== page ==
After prohibition, Bihar aims for dowry-free villages
Political analysts believe that after successfully imposing prohibition on liquor in Bihar, chief minister Nitish Kumar is now raising the bar in an attempt to emerge as a social reformer.india Updated: Jul 16, 2017 13:03 IST
PATNA After enforcing prohibition, Bihar is now planning to rope in panchayat representatives and religious leaders in its campaign against dowry and child marriage.
Chief minister Nitish Kumar, who successfully championed the prohibition drive after returning to power in 2015, had announced last month that he would launch a campaign against child marriage and dowry on October 2 - Mahatma Gandhi’s birthday.
In pursuance of his commitment, he has tasked the Women’s Development Corporation (WDC) to prepare a strategy for ushering in a social change.
The WDC, on its part, plans to have ‘dowry free villages’ to begin with. It has, however, not identified the villages or districts to be taken up under the first phase of the campaign.
Managing director N Vijayalakshmi told Hindustan Times, “We will first train representatives of the panchayati raj institutions (PRI) through workshops and motivate them to take up the social cause. Identifying the villages will take time.”
The PRI representatives like mukhiyas will be expected to interact with local villagers, sensitise and motivate them to shun the age old social malaise.
“There is need to change people’s mindset. Child marriage here seems to be closely linked with dowry. The common perception in Bihar villages is that one has to shell out huge money as dowry for marriage of highly educated girls. The general belief then is to marry girls early,” Vijayalakshmi added.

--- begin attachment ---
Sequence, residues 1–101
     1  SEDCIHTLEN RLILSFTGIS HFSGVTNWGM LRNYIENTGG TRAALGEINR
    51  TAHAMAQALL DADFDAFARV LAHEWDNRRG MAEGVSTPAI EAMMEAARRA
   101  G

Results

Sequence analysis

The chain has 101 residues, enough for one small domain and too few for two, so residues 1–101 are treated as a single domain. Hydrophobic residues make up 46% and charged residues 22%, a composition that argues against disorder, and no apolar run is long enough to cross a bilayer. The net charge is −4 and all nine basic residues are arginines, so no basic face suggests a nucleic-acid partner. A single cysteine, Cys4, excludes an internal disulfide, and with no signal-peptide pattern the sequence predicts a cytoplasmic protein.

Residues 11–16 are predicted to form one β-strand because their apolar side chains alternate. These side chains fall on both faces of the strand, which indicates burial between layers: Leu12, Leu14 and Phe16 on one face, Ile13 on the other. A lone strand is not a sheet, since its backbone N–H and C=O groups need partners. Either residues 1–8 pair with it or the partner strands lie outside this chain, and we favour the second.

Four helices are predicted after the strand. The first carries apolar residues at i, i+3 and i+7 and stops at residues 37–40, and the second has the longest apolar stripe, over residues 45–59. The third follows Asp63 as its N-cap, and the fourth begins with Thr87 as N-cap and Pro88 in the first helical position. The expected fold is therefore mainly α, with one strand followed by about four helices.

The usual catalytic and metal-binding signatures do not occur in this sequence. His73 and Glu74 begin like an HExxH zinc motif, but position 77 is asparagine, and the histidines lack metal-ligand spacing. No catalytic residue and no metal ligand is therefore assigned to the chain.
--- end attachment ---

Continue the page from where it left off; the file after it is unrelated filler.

Cases of child marriage in Bihar have declined only marginally. The Census 2011 reported 31% cases of child marriage among Hindus as against 34% in 2001.
Going by the data of the National Crime Record Bureau, dowry deaths in Bihar have been on the rise. Against 1,275 dowry deaths reported in 2012, the number had gone up to 1,373 in 2014.
Political commentators are keenly watching chief minister Kumar. By imposing prohibition on liquor, they say Kumar has already won the hearts of women. Notably, he has also taken the lead over other states and the Centre in revoking Gandhian philosophy as part of centenary celebrations of the Champaran satyagraha.
Now, by espousing the cause of girls and young women, by timing to launch the campaign against dowry and child marriage on Gandhi Jayanti this year, he is only raising the bar in an attempt to emerge as a social reformer.
With differences between coalition partners Kumar’s JD(U) and Lalu Prasad’s Rashtriya Janata Dal apparent — the most recent being over the presidential candidate — political analysts believe Kumar is preparing ground so that he does not need Prasad’s crutches even if he decides to sever ties with the RJD any time before the 2019 Lok Sabha polls.
SOCIAL REFORM Women’s Development Corporation has been assigned to prepare a strategy for ushering in change through campaign against child marriage and dowry
There is need to change people’s mindset. Child marriage seems to be closely linked with dowry. Common perception in villages is one has to shell out huge money as dowry and also to marry girls early
N Vijayalakshmi, MD, WDC